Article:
Law Student Section Member Badge Name: __________________________________________________ Please ✔ check for ribbons: Young Lawyer Past President Foundation Fellow House of Delegates Assn. Sustaining Member ABF Sustaining Fellow Board of Governors Judge Legislator
Registration Includes all CLE Programs (except CNA), Electronic Course Materials, Receptions, Continental Breakfasts, Luncheons, Breaks, Hospitality Area, Exhibit Center, & Entertainment. CNA Risk Management for Lawyers Program Wednesday Afternoon 1:30 Separate Registration
____ @ $90 EACH
____ @ $50 EACH
Child(ren)’s Name(s): _________________________________________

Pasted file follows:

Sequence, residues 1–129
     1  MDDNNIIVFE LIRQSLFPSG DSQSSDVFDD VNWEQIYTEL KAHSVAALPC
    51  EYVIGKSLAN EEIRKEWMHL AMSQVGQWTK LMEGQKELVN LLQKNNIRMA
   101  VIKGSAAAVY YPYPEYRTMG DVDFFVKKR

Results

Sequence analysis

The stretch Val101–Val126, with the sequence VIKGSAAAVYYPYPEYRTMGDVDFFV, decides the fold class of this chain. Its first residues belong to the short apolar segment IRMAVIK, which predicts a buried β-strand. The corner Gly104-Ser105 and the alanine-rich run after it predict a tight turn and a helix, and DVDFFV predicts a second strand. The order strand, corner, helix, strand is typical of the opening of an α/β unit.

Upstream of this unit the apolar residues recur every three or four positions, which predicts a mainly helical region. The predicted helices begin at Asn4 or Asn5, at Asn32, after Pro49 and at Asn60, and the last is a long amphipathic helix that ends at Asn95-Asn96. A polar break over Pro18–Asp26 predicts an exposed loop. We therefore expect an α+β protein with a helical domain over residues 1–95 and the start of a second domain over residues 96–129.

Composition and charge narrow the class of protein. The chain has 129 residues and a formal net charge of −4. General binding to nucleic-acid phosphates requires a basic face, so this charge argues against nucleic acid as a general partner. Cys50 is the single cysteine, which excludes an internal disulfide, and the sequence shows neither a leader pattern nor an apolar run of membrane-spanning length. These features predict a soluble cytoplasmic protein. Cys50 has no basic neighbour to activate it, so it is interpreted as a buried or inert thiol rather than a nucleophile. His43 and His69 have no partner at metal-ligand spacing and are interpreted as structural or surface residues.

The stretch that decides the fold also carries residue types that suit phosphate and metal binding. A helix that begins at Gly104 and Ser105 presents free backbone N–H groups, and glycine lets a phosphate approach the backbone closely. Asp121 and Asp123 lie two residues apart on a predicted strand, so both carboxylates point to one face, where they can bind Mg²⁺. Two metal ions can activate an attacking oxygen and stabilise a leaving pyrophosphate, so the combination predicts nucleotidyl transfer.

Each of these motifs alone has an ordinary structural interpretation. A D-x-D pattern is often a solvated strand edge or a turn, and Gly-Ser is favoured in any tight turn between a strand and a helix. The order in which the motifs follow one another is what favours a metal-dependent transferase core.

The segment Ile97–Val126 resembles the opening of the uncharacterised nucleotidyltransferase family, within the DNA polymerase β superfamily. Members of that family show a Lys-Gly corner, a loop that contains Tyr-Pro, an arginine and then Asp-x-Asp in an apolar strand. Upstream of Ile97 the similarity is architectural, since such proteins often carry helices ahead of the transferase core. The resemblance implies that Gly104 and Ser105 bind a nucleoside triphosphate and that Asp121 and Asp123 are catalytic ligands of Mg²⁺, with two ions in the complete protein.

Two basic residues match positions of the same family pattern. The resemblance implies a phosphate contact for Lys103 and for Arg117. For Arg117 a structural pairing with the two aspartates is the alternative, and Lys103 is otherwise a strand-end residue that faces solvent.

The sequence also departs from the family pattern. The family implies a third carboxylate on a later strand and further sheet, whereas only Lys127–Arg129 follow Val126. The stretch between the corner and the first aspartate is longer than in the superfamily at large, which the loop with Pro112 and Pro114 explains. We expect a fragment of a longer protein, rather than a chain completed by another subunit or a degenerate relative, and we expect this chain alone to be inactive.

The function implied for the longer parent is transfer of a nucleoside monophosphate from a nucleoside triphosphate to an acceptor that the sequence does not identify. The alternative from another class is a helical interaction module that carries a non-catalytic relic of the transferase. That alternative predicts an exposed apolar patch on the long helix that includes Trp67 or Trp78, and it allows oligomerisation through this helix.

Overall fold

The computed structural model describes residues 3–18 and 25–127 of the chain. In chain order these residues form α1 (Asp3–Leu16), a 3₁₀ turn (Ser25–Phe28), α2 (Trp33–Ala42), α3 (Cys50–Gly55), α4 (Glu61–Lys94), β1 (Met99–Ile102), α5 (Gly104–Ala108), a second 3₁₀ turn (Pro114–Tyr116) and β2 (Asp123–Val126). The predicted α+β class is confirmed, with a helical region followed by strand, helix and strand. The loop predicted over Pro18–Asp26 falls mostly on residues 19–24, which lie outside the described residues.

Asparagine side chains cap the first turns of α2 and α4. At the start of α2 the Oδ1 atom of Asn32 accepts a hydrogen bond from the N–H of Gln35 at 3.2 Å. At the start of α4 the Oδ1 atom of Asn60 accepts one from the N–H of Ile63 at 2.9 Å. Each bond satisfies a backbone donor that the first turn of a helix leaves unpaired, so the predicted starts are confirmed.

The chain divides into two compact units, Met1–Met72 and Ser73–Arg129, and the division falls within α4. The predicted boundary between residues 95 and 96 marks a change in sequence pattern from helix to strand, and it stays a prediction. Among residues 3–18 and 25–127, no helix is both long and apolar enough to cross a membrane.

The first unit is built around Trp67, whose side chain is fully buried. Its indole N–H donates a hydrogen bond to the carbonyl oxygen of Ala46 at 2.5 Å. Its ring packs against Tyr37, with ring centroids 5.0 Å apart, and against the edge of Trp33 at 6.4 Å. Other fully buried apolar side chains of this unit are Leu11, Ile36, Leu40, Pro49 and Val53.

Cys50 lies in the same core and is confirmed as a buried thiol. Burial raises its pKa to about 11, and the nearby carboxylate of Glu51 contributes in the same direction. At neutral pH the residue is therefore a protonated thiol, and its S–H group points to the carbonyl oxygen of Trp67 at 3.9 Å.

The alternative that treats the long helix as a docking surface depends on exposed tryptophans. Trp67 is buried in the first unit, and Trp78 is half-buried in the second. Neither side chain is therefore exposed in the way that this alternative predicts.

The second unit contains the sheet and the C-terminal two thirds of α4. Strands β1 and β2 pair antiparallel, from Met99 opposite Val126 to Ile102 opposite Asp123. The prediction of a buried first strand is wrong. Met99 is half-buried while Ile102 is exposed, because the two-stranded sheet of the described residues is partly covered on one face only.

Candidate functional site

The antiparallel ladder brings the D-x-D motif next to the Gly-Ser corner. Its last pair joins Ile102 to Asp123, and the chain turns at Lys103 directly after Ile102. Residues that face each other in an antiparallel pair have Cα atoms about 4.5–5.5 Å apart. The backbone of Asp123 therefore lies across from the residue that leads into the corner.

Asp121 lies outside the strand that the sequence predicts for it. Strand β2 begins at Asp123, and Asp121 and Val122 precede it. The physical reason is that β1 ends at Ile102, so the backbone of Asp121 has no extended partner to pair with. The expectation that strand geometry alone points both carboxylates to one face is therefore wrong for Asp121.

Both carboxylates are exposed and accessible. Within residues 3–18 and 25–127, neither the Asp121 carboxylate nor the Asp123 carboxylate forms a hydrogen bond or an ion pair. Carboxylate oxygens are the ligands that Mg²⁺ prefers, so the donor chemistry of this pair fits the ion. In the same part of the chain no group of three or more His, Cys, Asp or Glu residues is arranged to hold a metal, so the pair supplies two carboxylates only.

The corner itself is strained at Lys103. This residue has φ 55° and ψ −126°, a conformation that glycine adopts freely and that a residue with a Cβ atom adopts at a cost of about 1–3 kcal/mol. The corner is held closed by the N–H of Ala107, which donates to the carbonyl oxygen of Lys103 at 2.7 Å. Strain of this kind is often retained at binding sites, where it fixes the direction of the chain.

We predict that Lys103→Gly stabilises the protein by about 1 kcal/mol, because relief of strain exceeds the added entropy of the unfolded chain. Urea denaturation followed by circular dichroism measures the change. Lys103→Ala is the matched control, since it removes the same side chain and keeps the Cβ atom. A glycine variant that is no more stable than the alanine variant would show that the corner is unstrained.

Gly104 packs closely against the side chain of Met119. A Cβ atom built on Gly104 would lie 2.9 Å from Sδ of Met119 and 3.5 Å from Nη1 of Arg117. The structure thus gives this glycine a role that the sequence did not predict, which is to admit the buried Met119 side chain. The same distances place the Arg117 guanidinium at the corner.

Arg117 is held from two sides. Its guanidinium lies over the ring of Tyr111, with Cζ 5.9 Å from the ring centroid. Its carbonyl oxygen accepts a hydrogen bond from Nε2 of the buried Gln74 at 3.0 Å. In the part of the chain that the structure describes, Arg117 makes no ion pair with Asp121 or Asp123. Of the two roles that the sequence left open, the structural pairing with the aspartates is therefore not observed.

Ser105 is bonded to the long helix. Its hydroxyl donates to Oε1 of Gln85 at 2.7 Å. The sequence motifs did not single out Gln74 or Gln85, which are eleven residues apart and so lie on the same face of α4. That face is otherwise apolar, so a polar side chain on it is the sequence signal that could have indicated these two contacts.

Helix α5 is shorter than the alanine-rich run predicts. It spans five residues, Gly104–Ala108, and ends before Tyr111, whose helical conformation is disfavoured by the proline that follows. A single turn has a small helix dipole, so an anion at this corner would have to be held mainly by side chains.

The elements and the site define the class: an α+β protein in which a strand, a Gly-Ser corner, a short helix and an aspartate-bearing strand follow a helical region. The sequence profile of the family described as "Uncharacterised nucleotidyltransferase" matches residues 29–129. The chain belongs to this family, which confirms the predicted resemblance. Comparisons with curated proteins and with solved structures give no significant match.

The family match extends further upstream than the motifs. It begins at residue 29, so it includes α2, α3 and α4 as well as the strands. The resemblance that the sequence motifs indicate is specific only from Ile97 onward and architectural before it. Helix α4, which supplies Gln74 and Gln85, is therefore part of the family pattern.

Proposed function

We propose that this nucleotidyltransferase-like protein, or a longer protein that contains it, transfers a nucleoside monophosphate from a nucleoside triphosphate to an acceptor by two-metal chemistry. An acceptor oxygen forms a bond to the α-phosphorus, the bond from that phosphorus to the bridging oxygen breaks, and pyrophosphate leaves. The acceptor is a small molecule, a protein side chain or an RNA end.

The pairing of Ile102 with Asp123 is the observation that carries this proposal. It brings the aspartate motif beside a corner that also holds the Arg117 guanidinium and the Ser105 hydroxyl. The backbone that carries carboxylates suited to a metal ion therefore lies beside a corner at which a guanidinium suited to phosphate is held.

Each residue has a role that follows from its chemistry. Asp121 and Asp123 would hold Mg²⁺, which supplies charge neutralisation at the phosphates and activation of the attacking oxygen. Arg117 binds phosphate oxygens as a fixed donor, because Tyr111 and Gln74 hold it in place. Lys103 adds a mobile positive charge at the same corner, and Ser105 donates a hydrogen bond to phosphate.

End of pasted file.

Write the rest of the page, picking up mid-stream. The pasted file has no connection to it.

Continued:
Guest or Spouse Registration (Optional events and course material not included)
Registered Spouse/Guest Badge Information Spouse/Guest Name: ________________________________________
2010 Annual Meeting Three Easy Ways to Register: Online: Fax:
Hot Springs Convention Center Attn: Elaine Musil P.O. Box 6000 Hot Springs, AR 71902
Meeting Registration Subtotal
@ $20 First Child
@ $10 Each Additional Child $ __________
*Non-members -- save on registration fee by joining the Association. For more information call (501) 375-4606 or (800) 609-5668.